Winter 2007 Contributors, matthew Cheney has published fiction and nonfiction with a wide variety of venues, including One Story, locus, rain Taxi, web Conjunctions, and elsewhere. He is a regular columnist for the online magazine Strange horizons and runs the literary weblog The mumpsimus. Scott Espositos writing has appeared in the san Francisco. Best American Magazine Writing 2007. A book of magazine articles implies certain contradictions. Magazines are read and then, a few weeks or months later, recycled or passed on, while books linger, asserting their worthiness to be reread.
The Art and Craft
Winter Issue special feature: Writing and reading at Work quarterly conversation. Winter Issue special feature: Writing and reading at Work. The quarterly conversation is happy to announce that we will be running a special feature in our Winter issue on the theme of reading and writing at work. For this feature we are interested in: the literary hamlet criticism that we usually publish, only focused on authors who have unusual relationships to their places of employment (think gaddis and Walser) personal essays that deal with ones relationship to reading/writing and their work; or essays. We are accepting contributions for this special feature on a rolling schedule. Inquire with the editor for specific deadlines. As always, we will also be considering the usual array of features, book reviews, and interviews for the winter issue. More from The quarterly conversation: Winter 2006 Contributors, daniel Olivas is the author of four books, including devil Talk: Stories (Bilingual Press, 2004). He is currently editing an anthology of Los Angeles fiction by latino/a writers, and lives in Californias San Fernando valley. Dave munger has been an editor, teacher, book designer, and stay-at-home dad.
features are usually longer than news stories. A 2,000 word feature on how to use social media safely may work for a magazine, but could stretch to three screens on a webpage so you might struggle to keep a web readers attention. . If you are hoping to place your feature on earned media, then unless you are asked for a lengthy piece, try to keep it to 400-500 words. . Try to keep web features to under 500-600 words. If this has got you thinking you might also want to read this handy guide to feature writing by pr newswire i think it has some great tips too. F youd like to find out more about my Writing training courses, then do please get in touch. Picture courtesy of david Castillo domimici, free digital Photos.lab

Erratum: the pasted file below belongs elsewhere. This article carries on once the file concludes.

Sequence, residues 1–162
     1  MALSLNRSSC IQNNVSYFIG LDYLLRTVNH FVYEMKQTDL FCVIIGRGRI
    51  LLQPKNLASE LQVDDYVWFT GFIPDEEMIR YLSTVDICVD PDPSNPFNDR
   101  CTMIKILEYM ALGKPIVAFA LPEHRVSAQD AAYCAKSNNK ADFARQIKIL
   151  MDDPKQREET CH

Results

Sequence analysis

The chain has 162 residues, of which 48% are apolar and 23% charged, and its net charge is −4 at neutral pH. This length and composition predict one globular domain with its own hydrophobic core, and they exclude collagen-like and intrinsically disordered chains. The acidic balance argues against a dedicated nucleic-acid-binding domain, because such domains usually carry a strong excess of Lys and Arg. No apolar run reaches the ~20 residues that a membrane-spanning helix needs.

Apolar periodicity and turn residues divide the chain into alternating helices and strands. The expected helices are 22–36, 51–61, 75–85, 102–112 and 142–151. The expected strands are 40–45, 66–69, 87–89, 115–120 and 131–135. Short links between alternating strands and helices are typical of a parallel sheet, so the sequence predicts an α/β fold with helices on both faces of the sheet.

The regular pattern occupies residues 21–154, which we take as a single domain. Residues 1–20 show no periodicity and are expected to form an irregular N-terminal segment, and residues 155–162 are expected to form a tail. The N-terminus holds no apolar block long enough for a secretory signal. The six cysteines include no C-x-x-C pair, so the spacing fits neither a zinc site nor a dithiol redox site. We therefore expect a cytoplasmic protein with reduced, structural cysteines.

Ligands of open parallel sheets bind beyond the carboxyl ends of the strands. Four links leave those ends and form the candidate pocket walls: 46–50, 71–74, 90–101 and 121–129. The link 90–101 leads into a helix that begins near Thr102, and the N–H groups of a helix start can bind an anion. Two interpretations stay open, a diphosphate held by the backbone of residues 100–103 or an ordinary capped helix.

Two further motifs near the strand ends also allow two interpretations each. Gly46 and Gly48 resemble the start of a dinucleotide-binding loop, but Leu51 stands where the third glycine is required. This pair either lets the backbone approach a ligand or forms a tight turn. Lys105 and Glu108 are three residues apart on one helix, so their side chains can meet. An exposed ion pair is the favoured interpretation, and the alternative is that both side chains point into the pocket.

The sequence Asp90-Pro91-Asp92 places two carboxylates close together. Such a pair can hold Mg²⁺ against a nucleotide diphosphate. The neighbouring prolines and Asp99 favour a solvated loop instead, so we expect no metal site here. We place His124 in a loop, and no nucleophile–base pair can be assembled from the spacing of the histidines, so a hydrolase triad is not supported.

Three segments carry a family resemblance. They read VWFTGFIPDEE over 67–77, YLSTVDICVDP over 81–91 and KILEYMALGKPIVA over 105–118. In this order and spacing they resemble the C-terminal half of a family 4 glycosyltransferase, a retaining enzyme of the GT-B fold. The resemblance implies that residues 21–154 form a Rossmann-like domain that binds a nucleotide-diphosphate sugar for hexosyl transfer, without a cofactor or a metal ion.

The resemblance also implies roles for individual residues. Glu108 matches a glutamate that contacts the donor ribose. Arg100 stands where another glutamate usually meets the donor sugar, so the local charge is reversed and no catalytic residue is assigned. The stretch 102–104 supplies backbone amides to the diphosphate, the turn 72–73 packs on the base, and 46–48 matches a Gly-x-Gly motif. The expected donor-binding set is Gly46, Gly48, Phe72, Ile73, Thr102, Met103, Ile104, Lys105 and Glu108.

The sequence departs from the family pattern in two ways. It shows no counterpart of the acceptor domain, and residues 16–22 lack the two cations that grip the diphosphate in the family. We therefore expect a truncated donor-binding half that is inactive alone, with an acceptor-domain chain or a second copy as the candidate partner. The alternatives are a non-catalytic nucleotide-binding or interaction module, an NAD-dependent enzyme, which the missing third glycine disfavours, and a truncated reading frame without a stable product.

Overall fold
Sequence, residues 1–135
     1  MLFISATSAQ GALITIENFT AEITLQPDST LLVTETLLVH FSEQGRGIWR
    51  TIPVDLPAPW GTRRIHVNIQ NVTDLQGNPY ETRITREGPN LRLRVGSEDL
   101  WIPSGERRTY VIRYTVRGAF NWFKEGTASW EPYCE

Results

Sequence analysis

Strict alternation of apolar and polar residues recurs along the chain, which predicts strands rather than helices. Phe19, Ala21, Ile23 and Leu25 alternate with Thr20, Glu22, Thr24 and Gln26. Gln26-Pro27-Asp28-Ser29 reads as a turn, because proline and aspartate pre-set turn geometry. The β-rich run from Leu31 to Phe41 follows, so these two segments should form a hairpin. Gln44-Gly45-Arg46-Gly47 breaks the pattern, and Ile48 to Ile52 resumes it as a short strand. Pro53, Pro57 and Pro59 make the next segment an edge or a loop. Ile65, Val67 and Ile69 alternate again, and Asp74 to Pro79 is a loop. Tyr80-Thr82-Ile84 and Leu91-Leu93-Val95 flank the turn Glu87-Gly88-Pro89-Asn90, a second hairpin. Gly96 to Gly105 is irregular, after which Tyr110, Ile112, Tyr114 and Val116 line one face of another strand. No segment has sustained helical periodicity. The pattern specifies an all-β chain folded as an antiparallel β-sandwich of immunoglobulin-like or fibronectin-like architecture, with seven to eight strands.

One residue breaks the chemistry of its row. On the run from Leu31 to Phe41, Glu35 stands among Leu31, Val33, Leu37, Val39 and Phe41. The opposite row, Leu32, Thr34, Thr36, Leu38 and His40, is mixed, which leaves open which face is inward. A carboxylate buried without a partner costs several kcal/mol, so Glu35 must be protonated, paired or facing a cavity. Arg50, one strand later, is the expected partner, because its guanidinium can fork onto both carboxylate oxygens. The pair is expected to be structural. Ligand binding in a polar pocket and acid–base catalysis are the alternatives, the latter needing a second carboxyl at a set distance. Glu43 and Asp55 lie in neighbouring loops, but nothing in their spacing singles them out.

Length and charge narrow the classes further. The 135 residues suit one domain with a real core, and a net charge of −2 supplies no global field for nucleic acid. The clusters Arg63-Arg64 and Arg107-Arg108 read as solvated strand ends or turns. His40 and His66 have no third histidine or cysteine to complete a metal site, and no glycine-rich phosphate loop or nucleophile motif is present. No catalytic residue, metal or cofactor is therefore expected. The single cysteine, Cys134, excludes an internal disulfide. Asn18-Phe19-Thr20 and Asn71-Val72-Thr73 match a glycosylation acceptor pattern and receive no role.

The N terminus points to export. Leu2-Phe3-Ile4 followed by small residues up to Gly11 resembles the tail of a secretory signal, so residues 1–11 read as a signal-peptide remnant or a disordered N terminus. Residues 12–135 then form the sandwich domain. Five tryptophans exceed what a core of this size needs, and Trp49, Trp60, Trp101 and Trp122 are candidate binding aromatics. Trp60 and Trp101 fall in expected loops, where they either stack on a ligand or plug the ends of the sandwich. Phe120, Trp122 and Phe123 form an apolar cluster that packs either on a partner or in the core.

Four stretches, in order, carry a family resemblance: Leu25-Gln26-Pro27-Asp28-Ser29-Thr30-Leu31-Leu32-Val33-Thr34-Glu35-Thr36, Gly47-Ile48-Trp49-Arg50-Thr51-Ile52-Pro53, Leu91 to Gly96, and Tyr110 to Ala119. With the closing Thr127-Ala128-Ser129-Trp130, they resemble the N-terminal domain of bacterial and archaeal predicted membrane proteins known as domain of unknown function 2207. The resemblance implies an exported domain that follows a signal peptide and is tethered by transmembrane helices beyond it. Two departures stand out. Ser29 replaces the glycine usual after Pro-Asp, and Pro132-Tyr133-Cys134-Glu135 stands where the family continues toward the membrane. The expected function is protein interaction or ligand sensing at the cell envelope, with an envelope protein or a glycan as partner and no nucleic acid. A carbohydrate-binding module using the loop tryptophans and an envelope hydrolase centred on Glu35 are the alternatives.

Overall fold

Then introduce bullet points to draw attention the to tips or advice. . Use text out boxes to highlight details about a specific product/service or the biography of someone youve interviewed. . Pull out memorable"s and soundbites. And if you are writing a feature for the web, dont forget to include well placed hyperlinks. Write using plain English, follow. Orwells six rules to keep your writing easily accessible and understood. . And dont forget to follow the rules of grammar too. Measure it, write to the correct length. So know the medium well. .